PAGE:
Trenton – In an effort to better equip New Jersey for any future public health crises, bipartisan legislation sponsored by Senators Linda Greenstein and Steve Oroho, that would authorize New Jersey manufacturers to convert their productions to focus on creating Personal Protective Equipment (PPE), which many have been unable to do during the pandemic without federal approval, was passed today by the Senate Law and Public Safety Committee.
The bill, S-2991, would create a state-level certification program to allow manufacturers to produce PPE. The measure would help to strengthen our stockpiles, which faced severe shortages of masks, gloves, gowns, and other Personal Protective Equipment at the height of the pandemic.
“New Jersey has many manufacturers who are willing to commit their operations to produce personal protective equipment when called to action,” said Senator Greenstein (D-Middlesex/Mercer), chair of the Legislative Manufacturing Caucus. “The COVID-19 pandemic taught us that we cannot always rely on the federal government’s support and underscores the need for ‘Made in New Jersey’ PPE. Our state must be prepared to protect our citizens and our healthcare professionals, many of which were greatly impacted by the shortage of PPE. Enlisting our manufacturers and their workers will not only bolster their operations, but will make certain that we meet the needs of our state during any public health emergency.”
“‘Made in New Jersey’ makes us Jersey strong,” said Senator Oroho (R-Sussex/Warren/Morris), co-chair of the Legislative Manufacturing Caucus. “Our state is home to many top-notch manufacturers with state-of-the-art equipment and skilled, dedicated workers. These businesses are ready and willing to produce high-quality PPE to ensure an adequate supply of gloves, masks and gowns to fight the virus and protect medical workers and patients.”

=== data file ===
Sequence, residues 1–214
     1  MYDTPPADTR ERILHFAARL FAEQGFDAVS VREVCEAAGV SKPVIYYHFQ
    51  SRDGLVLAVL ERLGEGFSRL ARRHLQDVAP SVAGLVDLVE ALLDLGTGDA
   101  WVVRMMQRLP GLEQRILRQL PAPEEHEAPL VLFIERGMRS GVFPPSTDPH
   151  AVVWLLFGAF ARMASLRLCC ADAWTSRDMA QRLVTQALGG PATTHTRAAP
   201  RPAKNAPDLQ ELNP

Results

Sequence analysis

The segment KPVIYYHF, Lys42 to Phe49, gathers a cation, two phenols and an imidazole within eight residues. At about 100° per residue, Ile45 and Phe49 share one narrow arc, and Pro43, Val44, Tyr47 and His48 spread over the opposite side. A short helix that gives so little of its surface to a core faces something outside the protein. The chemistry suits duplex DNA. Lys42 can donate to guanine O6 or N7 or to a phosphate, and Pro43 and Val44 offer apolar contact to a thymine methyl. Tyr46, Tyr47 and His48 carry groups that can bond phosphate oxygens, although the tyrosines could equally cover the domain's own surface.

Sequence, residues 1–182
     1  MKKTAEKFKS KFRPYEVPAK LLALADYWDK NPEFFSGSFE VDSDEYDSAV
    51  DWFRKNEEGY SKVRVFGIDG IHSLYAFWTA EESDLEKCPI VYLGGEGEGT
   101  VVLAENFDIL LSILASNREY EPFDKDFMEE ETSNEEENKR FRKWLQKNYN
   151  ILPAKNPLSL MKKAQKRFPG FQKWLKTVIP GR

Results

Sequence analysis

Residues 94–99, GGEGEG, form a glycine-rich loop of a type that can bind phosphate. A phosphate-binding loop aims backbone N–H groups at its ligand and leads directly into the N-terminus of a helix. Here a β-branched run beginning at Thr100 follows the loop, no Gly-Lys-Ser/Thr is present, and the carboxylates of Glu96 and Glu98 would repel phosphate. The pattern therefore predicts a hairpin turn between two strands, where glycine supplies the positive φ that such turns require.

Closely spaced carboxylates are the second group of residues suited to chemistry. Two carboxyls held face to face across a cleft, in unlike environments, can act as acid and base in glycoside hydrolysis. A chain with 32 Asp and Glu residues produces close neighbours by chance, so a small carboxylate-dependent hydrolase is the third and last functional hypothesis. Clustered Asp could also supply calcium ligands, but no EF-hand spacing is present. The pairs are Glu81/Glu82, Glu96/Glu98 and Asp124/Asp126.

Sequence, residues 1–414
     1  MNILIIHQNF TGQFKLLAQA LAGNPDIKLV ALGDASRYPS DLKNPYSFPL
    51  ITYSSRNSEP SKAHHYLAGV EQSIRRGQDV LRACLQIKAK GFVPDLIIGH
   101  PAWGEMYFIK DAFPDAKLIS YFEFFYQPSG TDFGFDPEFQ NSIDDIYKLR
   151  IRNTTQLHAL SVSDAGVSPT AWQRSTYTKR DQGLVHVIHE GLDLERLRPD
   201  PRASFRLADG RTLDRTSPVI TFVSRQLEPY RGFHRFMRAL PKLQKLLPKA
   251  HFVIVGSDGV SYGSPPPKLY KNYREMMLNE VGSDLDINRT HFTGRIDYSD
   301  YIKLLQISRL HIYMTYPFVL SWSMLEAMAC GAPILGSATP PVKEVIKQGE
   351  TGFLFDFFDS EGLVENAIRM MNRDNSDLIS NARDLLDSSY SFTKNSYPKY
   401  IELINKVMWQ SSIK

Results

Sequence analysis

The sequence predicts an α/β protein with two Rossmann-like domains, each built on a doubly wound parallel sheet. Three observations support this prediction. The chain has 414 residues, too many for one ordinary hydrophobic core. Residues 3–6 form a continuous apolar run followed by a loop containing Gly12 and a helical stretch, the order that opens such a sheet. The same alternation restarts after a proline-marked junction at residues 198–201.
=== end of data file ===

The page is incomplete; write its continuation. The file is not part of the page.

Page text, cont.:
The bill would establish an approval process and set a goal for manufacturers in the state to produce a minimum of 50 percent of the stockpiled PPE. This would prevent scarcities in the future and at the same time bolster the New Jersey manufacturing industry.
Under the bill, PPE within a year of expiration would be provided to state healthcare facilities, federally qualified health centers, and public schools at no cost, nonprofits at 75 percent of cost, and businesses at market price. This would provide a constant flow of equipment, at a reduced cost, to those that need it most.
“The state needs to source reliable PPEs, and what better suppliers than the State’s essential manufacturers who have an inherent interest in keeping New Jersey residents safe and employed. When the COVID-19 pandemic hit, many manufacturers retooled to supply PPE. Whether it was masks, gowns, shields or hand sanitizer, somewhere in NJ it was being manufactured in response to the critical needs. I applaud the Legislature for creating this legislation and foreseeing and creating a win-win situation that keeps PPE ‘Made in NJ’,” said John W. Kennedy, CEO of the New Jersey Manufacturing Extension Program (NJMEP).
The bill was released from the committee by a vote of 6-0.